This is a time to demonstrate resilience and nimbleness to improve and adapt the how of teaching and expand the what of music education so that students can experience all that is possible. This is a time to model to our learners that we believe in them to go beyond the closed doors of the traditional walls. The survival of education is crucial to our country’s success and the development of our collective culture. But survival, predicated on “how we used to do things” is living in a past that breeds comfort and misses the possibility of growth. Let’s take our knowledge and expand.
Let’s rise above the average person lamenting and demonstrate to everyone what music education is and can be. We must do more than what we have done in the past to arrive at our new destination. We must approach it differently because the lens through which we see and hear music is changing.
So when the moment arrives, and you can finally reunite with your students, know that you were the contributing factor to these creative musicians and new learners who think independently and who have ideas to share. Know that you supported each person to rise with resilience, with empathy and self-reflection, and that you encouraged each person to connect and interact to the world of making music in all the ways possible. Know that you as a music educator ennobled and empowered all to grow, and in turn created a cultural explosion of learning and music that contributed to the expansion of our collective culture. Know that you helped create a whole musician, who has a deep understanding, ownership, and application of all facets and connections of and to music, defining a new human and learner. Know that you were, and are, the foundation to a new music education.
The success of the ensembles, students, and music education programs will be determined by the nimbleness and expanding mindset of the music educator. So, believe passionately in the student, the opportunity, and our next unknown, and resolve to say:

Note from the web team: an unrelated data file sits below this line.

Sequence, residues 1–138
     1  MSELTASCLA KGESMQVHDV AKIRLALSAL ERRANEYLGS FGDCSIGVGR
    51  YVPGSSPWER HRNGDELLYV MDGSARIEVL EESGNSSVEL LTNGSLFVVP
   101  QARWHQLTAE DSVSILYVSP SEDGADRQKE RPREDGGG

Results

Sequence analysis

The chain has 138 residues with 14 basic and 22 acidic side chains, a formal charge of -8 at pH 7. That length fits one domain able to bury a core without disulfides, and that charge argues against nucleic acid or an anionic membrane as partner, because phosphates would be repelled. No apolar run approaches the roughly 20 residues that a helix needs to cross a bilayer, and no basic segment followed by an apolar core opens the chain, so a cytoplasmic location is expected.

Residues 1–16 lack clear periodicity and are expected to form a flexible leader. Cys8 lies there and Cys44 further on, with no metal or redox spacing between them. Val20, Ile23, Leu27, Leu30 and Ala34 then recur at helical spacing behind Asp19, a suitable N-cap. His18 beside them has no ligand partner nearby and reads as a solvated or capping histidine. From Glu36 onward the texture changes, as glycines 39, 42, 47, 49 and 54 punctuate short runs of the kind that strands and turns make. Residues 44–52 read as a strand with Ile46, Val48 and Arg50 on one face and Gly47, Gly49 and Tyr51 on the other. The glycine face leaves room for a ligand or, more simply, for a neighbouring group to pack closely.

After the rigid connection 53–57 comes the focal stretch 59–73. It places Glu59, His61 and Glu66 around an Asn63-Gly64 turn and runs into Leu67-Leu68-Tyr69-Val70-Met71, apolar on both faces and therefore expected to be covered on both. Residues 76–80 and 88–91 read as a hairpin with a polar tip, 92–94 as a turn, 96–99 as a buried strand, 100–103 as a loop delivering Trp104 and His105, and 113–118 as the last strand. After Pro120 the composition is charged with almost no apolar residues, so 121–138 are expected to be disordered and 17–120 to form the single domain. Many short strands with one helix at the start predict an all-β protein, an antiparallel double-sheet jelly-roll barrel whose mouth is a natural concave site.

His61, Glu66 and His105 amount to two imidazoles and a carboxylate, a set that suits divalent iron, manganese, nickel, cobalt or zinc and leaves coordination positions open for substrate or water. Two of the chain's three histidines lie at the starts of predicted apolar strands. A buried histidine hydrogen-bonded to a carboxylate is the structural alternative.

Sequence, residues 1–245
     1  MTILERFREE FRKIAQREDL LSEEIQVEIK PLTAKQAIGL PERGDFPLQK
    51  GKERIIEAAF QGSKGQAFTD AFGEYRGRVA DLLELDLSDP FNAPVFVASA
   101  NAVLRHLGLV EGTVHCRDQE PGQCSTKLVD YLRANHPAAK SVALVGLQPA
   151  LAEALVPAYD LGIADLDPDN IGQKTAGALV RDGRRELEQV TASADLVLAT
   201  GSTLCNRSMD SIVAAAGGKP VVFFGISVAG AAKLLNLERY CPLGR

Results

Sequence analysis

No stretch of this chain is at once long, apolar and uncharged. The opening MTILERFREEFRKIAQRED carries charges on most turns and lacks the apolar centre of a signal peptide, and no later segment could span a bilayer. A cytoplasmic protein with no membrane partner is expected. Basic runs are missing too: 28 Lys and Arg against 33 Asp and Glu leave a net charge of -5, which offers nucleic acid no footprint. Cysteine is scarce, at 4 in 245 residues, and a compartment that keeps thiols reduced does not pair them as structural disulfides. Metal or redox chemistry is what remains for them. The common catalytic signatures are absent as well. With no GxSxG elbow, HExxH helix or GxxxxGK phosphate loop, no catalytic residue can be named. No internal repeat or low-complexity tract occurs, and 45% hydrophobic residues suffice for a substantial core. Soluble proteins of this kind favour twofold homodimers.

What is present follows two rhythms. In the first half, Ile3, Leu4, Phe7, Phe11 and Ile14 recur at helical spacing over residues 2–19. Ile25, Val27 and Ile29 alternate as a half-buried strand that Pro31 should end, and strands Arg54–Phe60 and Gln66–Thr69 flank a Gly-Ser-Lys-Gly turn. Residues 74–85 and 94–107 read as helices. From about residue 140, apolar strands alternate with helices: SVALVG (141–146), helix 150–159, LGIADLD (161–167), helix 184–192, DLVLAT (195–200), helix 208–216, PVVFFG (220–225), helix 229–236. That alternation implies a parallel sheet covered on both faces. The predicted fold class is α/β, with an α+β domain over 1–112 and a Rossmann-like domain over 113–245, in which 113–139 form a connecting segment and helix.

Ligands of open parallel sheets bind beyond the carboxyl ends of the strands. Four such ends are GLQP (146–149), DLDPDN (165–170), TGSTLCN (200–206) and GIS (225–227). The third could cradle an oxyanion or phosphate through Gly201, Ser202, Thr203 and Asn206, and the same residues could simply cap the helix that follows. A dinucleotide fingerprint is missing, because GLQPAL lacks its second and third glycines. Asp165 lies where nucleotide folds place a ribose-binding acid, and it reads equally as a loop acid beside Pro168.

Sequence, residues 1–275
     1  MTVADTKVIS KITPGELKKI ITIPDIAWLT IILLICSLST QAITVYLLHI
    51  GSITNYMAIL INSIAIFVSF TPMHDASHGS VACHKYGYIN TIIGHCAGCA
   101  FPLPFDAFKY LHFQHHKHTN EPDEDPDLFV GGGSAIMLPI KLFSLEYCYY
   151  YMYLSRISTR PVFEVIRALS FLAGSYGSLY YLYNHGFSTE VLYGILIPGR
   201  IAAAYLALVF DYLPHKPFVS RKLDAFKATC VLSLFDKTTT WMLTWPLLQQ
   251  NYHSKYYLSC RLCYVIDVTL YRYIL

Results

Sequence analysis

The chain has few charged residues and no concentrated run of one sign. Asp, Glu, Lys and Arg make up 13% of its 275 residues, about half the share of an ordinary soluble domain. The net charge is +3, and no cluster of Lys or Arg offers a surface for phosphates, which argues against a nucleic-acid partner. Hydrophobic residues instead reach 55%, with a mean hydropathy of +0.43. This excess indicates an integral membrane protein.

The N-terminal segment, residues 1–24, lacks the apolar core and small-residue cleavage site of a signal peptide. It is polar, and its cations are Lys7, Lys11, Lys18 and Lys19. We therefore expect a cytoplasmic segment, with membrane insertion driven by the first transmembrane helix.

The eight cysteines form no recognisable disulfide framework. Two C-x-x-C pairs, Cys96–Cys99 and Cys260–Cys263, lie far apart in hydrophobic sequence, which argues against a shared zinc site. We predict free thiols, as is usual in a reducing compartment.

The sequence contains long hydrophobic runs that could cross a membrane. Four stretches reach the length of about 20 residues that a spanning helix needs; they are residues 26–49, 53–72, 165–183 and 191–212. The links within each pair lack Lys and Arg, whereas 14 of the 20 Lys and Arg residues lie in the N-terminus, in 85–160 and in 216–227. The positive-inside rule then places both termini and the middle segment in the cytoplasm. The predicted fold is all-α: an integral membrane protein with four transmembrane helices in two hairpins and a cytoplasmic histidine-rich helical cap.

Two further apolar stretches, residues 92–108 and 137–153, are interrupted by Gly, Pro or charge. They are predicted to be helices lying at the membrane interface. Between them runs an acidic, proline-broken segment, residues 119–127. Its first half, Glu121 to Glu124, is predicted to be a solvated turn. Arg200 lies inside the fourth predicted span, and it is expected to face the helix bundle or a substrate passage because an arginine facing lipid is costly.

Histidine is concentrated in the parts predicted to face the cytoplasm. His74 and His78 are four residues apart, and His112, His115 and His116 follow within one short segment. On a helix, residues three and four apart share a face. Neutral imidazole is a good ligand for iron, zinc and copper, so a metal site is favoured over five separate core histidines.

- YES to all students as independent learners
- YES to small ensembles and chamber music
- YES to large ensembles reimagined
- YES to student choice and questioning
- YES to composition and creating music
- YES to reading, writing, and speaking about music
- YES to music connections beyond the school walls
- YES to discovery of past, current, and future music and composers
- YES to connecting to the true and relevant WORLD of music
- YES to students discovering new music, groups, and possibilities
Yes, and YES, and YES!
About the author:
Anne Fennell is the K–12 Music Program Manager for San Diego Unified School District in San Diego, California. She holds a Bachelor’s in Music Education, a Masters in Leadership Studies, Orff-Schulwerk certification for levels I, II, and III and has additional training and certifications in world music studies, Character Education, Gifted and Talented Education, and Cross-Cultural Language and Academic Development. Her experiences include 32 years of teaching Kindergarten through Grade 12 music education, integrated arts and music, leading performance ensembles in civic and professional organizations and national conferences, including the annual NAMM Board of Directors meeting (2013 & 2016), and teaching three levels of both steel drum ensembles and music composition through technology, grades 9–12. Her ensembles have been featured in both InTune Monthly and NAfME’s Teaching Music magazines.
Did this blog spur new ideas for your music program? Share them on Amplify! Interested in reprinting this article? Please review the reprint guidelines.
The National Association for Music Education (NAfME) provides a number of forums for the sharing of information and opinion, including blogs and postings on our website, articles and columns in our magazines and journals, and postings to our Amplify member portal. Unless specifically noted, the views expressed in these media do not necessarily represent the policy or views of the Association, its officers, or its employees.
Catherina Hurlburt, Marketing Communications Manager. May 18, 2020. © National Association for Music Education (NAfME.org)